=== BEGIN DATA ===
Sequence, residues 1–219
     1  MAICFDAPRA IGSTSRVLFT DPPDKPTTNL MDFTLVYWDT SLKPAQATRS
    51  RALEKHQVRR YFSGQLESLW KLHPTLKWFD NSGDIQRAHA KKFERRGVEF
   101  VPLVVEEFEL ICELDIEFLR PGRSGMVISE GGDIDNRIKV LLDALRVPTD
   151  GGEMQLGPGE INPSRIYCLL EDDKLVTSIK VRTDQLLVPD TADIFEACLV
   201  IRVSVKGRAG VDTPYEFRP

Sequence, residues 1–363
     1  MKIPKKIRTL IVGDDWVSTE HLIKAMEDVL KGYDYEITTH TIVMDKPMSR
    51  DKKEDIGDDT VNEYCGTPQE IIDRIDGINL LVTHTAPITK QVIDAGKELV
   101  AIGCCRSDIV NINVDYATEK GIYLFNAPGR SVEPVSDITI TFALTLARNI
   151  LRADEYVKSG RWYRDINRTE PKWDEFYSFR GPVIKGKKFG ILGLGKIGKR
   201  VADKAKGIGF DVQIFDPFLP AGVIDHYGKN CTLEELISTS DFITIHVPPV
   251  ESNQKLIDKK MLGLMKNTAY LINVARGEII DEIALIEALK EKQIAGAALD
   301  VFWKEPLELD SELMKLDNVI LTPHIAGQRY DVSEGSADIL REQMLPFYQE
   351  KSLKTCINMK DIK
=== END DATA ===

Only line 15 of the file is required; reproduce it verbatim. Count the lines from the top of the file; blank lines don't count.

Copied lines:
   351  KSLKTCINMK DIK